Transforming Data with Regular Expressions

Did you know TIBCO Spotfire Professional has built in regular expression capabilities that can be used to validate and clean your data either before or after it has been loaded?

Data quality is a big issue with all customers.  Whether the data quality is an issue with customers merging data from different sources that use different standards, or whether the data is coming straight from an instrument or a public forum, like a survey, the data needs to be 'standardized' before it is analyzed in TIBCO Spotfire.

This standardization can be accomplished in TIBCO Spotfire by using the RxReplace function inside an expression (either in the Calculated Column UI, or the Custom Expression UI).

RxReplace is a Regular Expression Replace function which allows you to search for a pattern in your data, and then replace it with another pattern.  For example, search for all dates (in the form dd/mm/yyyy) and replace them with the pattern mm/dd/yyyy)

We will see this example and a few other common ones below.

Removing New Line Characters

The first example is one that happens all the time in training. We allow people to load their own data and they will typically load it from Excel.  Many Excel data cells have carriage returns in them , as shown below.

When importing this into Spotfire it imports the carriage returns as an ASCII special character, which makes it hard to read (as shown below in both the header of a table visualization and in a properties dialog).


If the columns are string based, it will not affect the analysis too much, but it can be an annoyance to look at in general. To fix it, when loading data, we can apply a 'replace column' transformation.

We can use the RxReplace function, passing in the original column, searching for the carriage return (identified as  '\n'), and replacing it with an empty string.


This will input the values in an easier to view format.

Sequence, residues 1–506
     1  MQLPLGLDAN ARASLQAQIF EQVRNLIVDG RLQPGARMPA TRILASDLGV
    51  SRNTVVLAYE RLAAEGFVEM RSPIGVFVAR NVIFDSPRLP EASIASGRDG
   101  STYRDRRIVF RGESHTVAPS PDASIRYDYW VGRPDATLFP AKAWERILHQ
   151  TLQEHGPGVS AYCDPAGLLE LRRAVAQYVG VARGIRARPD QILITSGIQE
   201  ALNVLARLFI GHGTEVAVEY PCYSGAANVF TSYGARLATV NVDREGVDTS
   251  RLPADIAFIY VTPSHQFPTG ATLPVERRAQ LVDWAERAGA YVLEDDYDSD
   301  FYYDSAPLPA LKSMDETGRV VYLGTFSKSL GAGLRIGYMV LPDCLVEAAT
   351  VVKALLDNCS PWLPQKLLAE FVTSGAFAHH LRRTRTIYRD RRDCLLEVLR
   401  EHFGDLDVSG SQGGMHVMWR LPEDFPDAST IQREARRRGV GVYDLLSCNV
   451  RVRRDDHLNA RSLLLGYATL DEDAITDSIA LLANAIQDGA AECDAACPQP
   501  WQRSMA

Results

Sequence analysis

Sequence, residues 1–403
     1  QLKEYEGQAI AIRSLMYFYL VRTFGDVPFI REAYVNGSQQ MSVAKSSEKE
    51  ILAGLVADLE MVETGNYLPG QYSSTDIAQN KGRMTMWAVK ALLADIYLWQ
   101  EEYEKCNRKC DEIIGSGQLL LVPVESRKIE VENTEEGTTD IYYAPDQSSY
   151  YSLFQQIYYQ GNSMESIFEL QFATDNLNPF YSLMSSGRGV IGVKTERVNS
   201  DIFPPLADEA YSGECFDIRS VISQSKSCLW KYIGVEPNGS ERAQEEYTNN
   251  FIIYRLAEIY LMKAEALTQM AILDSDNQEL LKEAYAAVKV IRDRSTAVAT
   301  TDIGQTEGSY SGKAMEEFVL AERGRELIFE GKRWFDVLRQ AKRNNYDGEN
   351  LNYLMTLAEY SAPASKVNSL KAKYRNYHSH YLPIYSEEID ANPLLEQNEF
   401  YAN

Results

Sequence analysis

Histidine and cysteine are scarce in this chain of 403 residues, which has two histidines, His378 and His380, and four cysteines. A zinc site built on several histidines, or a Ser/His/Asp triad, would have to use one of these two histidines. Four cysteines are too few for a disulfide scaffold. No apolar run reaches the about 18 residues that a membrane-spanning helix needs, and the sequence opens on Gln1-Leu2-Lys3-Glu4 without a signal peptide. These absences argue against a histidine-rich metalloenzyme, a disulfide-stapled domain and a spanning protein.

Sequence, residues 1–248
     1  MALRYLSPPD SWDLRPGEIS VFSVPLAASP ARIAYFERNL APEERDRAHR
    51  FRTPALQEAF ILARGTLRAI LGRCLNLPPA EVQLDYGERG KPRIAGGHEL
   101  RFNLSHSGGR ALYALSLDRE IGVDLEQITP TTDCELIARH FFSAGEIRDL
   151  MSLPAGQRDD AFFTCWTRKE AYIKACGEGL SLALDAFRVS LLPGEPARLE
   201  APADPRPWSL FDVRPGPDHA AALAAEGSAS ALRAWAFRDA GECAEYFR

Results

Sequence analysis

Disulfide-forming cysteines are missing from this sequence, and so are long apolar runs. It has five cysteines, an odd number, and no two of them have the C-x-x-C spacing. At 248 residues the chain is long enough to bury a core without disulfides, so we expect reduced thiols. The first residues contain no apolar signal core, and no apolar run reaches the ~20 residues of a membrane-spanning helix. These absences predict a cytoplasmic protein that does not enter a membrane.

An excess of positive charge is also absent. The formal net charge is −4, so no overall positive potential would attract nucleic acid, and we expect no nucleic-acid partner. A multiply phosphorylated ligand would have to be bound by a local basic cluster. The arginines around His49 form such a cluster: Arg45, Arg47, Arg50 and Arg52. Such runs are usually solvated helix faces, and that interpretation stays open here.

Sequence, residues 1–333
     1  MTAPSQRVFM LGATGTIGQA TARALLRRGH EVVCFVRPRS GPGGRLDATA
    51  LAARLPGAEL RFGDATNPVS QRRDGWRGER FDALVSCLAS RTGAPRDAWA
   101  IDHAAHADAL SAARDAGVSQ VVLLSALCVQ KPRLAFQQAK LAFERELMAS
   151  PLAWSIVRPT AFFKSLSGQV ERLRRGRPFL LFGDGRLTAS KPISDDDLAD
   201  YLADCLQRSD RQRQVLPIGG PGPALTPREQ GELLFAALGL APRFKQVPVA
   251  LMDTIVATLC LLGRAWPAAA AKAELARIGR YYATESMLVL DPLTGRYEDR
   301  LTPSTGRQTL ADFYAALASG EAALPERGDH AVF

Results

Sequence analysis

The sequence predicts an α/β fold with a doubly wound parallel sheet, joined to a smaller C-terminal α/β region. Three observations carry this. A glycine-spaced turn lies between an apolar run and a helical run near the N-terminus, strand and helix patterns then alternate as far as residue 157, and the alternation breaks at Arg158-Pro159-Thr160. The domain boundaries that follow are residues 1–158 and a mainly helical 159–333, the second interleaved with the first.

Converting Date Formats

Assume you are loading data from Europe that will be merged with data from US. The date formats are different. One is DD/MM/YYYY and the other is MM/DD/YYYY. What do you do? Assuming your data is in the format show below, DD/MM/YYYY, you can use the RxReplace method shown below to transform it to MM/DD/YYYY.

Without getting into too many details on the Regular Expression syntax, the pattern we are looking for is a string that starts with 2 digits (note that the \ character needs to be escaped in Spotfire's expression language) following by a / character, then 2 more digits, followed by another / character, and then 4 digits at the end of the string. When found, it will be replaced with the month ($2), followed by the day ($1), and then the year ($3), all separated by the / character.

And the result is just what we want. Below you can see the original column and then the updated column after the expression has been executed.


Converting Name Formats

A third example would be one I got from Brian Prather.  Assume you are in a situation where one data table had a 'Names' column that was formatted as <Last name, First name> and a second data table had a 'Names' column that was formatted as <First name Last name>. If you need to merge these into Spotfire, you will need to perform a regular expression transformation on one of them to standardize on one format.

Assuming we want to format into <First name Last name>, we could use the following expression using the RxReplace method:


In this expression, we want to search for a string that starts with any amount of characters followed by a comma and then any amount of characters. This will match any names in the format <last name, first name>.  When found, it will be replaced with the last name ($2) followed by the first name ($1).  This is since grouping was used inside the pattern.

And the result is just what we want. Below you can see the original column and then the updated column after the expression has been executed.

This tip is not meant to be a tip teaching regular expression, you can spend months on that. There are plenty of good resources on the internet to help you out. This tip was meant to show you the power of using them to transform, clean, and standardize your data either before you load it in Spotfire, either as a new column in the data table, or as a replacement for an original column in the data table (as shown below).


If you are intersted in learning more about regular expressions and other types of data transformations, please have a look at our Data Cleaning and Transformation techniques TIBCO Spotfire Professional webinar.

Have any other cool Regular expressions to share? Reply to this post with them.